I have always been interested in spirituality (see my blog post Fashion Faux Pas and Literary Lunacies: How Dawkins and Harris overhauled my intellectual wardrobe). Like many of my generation, I stopped off in ‘New Age Spiritualism’ on my journey towards atheism.
I found Sam Harris just as I was on the outskirts of Atheistville. I still had some souvenirs of “New Age Spiritualism” hanging around my neck, but I’d divested myself of most of the ‘woo’ before I bought End of Faith and Letter to a Christian Nation – ironically with some ‘Christmas’ money given to me by a crystal-gazing aunt.
It was after reading Letter to a Christian Nation that a little light bulb went on in my head. I remember thinking, with some surprise, “Oh! I’m an atheist!”
As a new ‘gnu’ atheist, I found The End of Faith incredibly confronting with its negative portrayal of Islam – I was, and still am, far more concerned about fundamentalist Christianity. Islam is dangerous but it’s out in the open and easy to spot. The encroachment of fundamentalist Christianity is insidious, often silent and invisible. We don’t recognise its stranglehold on our secular institutions until it’s happened.
Having been introduced by Harris to the ‘new atheist’ genre, I moved on to read Dawkins’ The God Delusion, and Hitchens’ God is not Great: How Religion Poisons Everything. Like Harris, they didn’t make me an atheist, they just made me realize I was one. More importantly, they politicized me and made me realise I should get off my arse and do something about the religious assault on secularism, human rights and individual autonomy.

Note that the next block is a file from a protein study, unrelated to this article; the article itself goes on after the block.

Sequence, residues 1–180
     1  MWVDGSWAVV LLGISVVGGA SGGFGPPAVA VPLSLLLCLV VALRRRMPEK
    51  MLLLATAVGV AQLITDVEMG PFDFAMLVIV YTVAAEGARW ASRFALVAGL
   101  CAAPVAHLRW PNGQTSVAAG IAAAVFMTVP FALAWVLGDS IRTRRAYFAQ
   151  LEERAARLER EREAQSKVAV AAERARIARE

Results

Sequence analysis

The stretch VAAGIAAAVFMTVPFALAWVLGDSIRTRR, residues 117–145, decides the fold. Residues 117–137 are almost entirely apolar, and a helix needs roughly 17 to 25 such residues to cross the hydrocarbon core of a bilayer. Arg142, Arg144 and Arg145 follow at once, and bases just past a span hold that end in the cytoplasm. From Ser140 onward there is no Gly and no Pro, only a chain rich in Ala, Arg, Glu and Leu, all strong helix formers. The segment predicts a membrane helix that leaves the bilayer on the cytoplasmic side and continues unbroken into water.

Sam Harris took to the GAC 2012 stage and immediately acknowledged the late, great Christopher Hitchens.
Hitch, said Harris, “had more wit, style and substance than a few civilisations I could name.”
Fittingly, perhaps, Harris then went on to talk about death.
“The ‘good news’ of atheism,” said Harris, “is that nothing happens after death. We return to nothingness; so there’s nothing to worry about. If we’re right, death is not a problem; life is the problem.”
“To not believe in God,” he said, “is to know that it falls to us to make the world a better place.”
Harris spoke of how religion makes the world worse, not better.
Because of the interference of the Catholic Church, they are still arguing in the US about whether women should have access to contraception. This, he said, “while the church nurtures ‘an army of child rapists’!
Harris also spoke of religion’s ‘misuse of human energy’ and its ‘manufacturing of human unhappiness’.
Harris accepts that we can’t make the world a paradise – and who would want one?
At university, when I studied utopian thought, I quickly realised that one man’s utopia is another man’s dystopia. Harris is not concerned with creating a ‘perfect’ world or a ‘perfect society’, but he is concerned with the human condition – with making lives happier, more meaningful, more productive and, surprisingly, more ‘spiritual’. More ‘gross national happiness’, perhaps.
And then, the important question, “What does atheism have to offer?”
If we are to argue for an ‘End of Faith’ what do we propose to put in its place?
Harris accepts that as ‘mere disbelief in god’ atheism doesn’t have much to offer. But, he said, “Atheism clears the space for better conversation.”